W3C home > Mailing lists > Public > w3c-wai-er-ig@w3.org > June 2001

Re: Draft of EARL abstract intended for DIWG

From: William Loughborough <love26@gorge.net>
Date: Fri, 29 Jun 2001 16:02:28 -0700
Message-Id: <5.0.2.1.2.20010629154453.03833ec0@mail.gorge.net>
To: Wendy A Chisholm <wendy@w3.org>, w3c-wai-er-ig@w3.org
At 04:33 PM 6/29/01 -0400, Wendy A Chisholm wrote:
>Are you thinking that it would be used in conjunction with CC/PP to 
>describe conformance preferences?  e.g., in CC/PP state that I only want 
>content that meets WCAG Level A?  Help?

What I am thinking (or what I think I *was* thinking) is that EARL permits 
authors (actually anyone, not just authors) to make assertions about 
anything. That's pretty general and also seems counter-intuitive else why 
didn't we have this years ago, etc.

One of the classes of assertions could be about one's 
document/process/condition/+ so that the user's CC/PP could be matched 
against the EARL assertions and choices made about what to send up the 
line. I guess it's part of a tool suite for content negotiation. Now when I 
start using all those acronyms and buzzphrases I am open to embarrassment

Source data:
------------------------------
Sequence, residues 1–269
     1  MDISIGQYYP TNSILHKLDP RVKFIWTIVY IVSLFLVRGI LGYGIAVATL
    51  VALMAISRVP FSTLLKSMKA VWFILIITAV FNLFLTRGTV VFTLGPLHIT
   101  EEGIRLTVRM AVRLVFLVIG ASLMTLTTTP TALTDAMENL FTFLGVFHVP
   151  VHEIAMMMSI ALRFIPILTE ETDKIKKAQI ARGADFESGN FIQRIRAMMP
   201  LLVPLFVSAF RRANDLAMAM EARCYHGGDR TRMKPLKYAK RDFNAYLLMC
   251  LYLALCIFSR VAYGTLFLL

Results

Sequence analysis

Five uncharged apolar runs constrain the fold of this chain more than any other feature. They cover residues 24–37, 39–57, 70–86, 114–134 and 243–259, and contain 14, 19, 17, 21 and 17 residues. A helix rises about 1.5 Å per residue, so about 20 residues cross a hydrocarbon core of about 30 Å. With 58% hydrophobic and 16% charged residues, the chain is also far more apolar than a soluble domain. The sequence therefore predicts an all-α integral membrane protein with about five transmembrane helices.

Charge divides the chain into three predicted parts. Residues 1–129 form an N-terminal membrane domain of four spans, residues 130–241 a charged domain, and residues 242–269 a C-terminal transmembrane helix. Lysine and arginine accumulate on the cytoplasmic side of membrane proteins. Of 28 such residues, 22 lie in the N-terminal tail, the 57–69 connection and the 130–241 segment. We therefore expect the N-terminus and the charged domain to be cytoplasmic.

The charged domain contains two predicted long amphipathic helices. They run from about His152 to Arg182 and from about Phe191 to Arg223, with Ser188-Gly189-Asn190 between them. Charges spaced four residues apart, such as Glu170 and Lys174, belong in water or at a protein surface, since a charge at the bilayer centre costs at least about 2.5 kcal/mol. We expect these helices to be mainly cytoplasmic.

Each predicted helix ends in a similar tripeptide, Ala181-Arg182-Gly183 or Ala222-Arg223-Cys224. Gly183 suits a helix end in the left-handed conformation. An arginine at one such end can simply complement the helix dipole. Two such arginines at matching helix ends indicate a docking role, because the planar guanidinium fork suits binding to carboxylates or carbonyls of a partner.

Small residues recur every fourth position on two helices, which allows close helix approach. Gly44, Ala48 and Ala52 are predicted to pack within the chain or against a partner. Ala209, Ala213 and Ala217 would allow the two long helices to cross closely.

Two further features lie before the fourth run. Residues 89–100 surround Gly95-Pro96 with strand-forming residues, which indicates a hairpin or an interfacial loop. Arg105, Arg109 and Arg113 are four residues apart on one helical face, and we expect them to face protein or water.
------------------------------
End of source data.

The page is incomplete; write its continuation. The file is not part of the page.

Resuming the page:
because I don't really have a clue as to what all that means, but judging 
by the reactions of people who do know, I'm not far off base.

If you examine the "requirements" document it contains a whole lot of stuff 
that could be the basis for claims made by someone seeking to aver device 
independence: "You can get your (stock quotes)/(train schedule)/(weather 
report)/(reservations & tickets) on your cell phone because I have made my 
site fulfill the DIWG requirement list. Your CC/PP indicates that you can 
handle this." Or "the display you use can be used to its limit because I 
have optimized the style sheet for your hi-res, giant screen system" - etc.

Ultimately EARL assertions will be part of the authoring process and will 
be tied to a report that "indexes" the content via RDF. According to my 
reading of the people who know something about this, it should be Real Soon 
Now. The idea that Google could have an accessibility rating right along 
with their usual "you may want to download a text version of this if you 
think PDF sucks" and "you might want this to be translated on the fly if 
you can't read Swahili", both of which they already do.

Imagine a Web on which sites are tagged as "508 compliant" or "WAI 
conformance AA"! The glue for this is that if someone claims (via EARL 
assertion) to be AA compliant, there will be independent sources for other 
EARL assertions that dispute it when appropriate. And Google can handle all 
this in microseconds.

It's a Web - not a tree.

--
Love.
                 ACCESSIBILITY IS RIGHT - NOT PRIVILEGE
Received on Friday, 29 June 2001 19:02:25 GMT

This archive was generated by hypermail 2.2.0 + w3c-0.30 : Thursday, 9 June 2005 12:10:39 GMT